6. What largely triggered the grant of leave to appeal to the Tribunal were the conclusions of the Adjudicator at paragraph 20 where he says this:

“So far as political opinion is concerned it is clear that the Appellant was not a member of any particular political party and he does not claim that he was reported in any way by any other political group and this being the case I find that he cannot make out he has a well-founded fear of persecution on the grounds of his political opinion.”

It is not necessary to be a member of a political party, or indeed to be a supporter of any political group, to show that persecution is on the basis of political opinion. Any member of the public may have views about the government of a particular country without being any way actively involved in politics or political parties, and if those views are expressed, and if those views are contrary to the state, and if the state is a form of dictatorship which ill-treats and persecutes those whom it regards as being opposed to it, then there is a classic case of persecution for the reason of political opinion.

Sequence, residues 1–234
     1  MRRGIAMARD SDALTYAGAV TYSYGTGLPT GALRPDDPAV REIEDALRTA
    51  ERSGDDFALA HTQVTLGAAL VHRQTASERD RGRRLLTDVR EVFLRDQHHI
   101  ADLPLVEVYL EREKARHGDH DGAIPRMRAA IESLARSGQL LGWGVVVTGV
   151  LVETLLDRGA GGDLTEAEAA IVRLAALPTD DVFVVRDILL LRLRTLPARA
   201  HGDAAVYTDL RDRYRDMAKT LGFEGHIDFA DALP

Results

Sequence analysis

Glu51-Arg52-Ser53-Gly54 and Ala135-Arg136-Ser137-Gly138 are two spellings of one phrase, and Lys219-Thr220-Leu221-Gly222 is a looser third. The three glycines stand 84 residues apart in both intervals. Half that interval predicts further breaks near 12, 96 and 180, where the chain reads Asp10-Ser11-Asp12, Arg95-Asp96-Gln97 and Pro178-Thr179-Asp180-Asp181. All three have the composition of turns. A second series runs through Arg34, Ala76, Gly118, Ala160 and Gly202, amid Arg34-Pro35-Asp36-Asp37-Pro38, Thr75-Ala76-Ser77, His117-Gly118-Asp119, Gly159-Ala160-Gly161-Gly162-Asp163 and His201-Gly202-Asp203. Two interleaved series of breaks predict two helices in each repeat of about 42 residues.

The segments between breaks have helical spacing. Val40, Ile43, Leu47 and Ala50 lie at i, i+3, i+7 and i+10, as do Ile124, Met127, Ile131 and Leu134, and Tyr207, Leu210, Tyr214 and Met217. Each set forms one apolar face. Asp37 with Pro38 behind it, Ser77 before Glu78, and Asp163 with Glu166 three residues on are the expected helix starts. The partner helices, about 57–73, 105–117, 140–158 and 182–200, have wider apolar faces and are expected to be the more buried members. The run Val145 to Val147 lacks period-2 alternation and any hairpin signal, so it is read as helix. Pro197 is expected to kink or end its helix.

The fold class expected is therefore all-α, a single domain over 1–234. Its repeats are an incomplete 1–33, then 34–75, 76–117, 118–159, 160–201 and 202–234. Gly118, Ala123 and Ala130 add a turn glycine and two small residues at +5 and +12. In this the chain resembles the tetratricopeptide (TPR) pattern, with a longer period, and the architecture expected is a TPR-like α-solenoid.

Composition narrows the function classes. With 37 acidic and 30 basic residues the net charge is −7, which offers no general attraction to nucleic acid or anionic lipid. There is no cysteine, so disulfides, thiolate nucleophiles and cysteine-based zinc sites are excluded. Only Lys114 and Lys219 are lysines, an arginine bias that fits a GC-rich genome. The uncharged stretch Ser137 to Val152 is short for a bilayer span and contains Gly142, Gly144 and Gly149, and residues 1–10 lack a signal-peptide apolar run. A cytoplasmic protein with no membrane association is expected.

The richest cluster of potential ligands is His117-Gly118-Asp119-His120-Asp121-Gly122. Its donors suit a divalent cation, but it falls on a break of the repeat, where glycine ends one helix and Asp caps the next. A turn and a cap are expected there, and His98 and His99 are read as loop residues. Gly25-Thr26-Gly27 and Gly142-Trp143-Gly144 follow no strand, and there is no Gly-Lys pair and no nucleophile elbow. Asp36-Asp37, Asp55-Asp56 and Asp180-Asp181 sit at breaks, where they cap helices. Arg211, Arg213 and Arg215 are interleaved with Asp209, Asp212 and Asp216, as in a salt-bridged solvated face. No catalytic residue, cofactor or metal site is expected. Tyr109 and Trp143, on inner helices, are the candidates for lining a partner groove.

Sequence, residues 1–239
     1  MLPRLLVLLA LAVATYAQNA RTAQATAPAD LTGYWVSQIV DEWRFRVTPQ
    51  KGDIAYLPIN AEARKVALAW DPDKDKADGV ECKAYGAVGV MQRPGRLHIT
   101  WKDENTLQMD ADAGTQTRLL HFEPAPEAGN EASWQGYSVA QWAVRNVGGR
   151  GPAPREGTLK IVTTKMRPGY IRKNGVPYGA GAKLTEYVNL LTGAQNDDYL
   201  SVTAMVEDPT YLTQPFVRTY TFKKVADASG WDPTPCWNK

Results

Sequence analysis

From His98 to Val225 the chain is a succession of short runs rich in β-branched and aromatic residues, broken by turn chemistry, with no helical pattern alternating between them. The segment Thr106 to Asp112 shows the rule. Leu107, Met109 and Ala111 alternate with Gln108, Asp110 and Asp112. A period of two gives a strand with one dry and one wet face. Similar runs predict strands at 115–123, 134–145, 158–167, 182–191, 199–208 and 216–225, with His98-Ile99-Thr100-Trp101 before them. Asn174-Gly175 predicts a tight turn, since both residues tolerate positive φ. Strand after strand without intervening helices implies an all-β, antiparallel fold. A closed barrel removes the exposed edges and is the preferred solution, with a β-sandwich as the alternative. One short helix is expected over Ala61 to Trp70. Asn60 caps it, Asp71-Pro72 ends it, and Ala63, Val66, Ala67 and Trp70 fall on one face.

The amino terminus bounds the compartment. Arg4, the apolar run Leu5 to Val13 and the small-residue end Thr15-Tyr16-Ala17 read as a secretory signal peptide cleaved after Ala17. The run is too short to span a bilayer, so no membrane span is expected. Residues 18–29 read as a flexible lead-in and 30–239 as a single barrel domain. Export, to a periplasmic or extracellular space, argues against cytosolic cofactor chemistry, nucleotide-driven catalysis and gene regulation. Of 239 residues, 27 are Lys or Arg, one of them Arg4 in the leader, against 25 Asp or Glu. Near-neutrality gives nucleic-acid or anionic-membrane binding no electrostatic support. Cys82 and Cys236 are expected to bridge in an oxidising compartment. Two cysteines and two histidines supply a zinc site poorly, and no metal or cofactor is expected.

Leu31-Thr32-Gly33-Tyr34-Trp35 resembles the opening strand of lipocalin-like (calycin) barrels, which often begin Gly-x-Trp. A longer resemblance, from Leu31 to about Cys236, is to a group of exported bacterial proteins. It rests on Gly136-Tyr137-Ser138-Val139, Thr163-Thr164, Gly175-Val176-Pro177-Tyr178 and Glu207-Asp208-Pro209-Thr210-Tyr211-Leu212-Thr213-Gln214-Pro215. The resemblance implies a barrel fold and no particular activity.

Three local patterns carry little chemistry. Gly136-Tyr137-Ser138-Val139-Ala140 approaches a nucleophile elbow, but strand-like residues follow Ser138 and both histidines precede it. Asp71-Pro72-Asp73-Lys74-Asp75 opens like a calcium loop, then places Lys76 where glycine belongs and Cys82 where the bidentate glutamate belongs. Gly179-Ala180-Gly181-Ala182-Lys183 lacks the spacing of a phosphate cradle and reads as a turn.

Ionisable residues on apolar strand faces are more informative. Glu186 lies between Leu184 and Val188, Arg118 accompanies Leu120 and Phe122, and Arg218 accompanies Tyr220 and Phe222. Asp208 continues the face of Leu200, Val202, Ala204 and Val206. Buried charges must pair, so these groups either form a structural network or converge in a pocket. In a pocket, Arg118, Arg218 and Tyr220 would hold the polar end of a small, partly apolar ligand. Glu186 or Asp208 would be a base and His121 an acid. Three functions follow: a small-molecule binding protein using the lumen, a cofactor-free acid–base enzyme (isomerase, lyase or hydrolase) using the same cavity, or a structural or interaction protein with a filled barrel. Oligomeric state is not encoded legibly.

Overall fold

7. Mr Deller has, correctly, not sought to argue that the Adjudicator’s views in paragraph 20 can be upheld. The thrust of his argument has been that the Adjudicator was entitled to find, and indeed was correct to find on the evidence that there was no real risk of persecution, but he accepts that if the Tribunal is persuaded that that is wrong, then it clearly was for a Convention reason. Bearing in mind the low standard of proof that is appropriate in these cases, we are indeed persuaded that there is a real risk of persecution were this Appellant to be removed to Iran. It is true that he has not been ill-treated in such a way as to amount to persecution in the past, but that cannot be determinative. It is not necessary for someone who has a genuine fear of persecution to wait until it happens before deciding to leave the country. This Appellant has anticipated the persecution that he feared by leaving before anything particularly untoward happened to him, but that does not mean that he does not face a real risk of persecution were he to return.

8. For the reasons we have given, as we say, we are persuaded that he has discharged that low standard of proof and accordingly we allow this appeal and declare that this Appellant is to be treated as a refugee.

Mr Justice Collins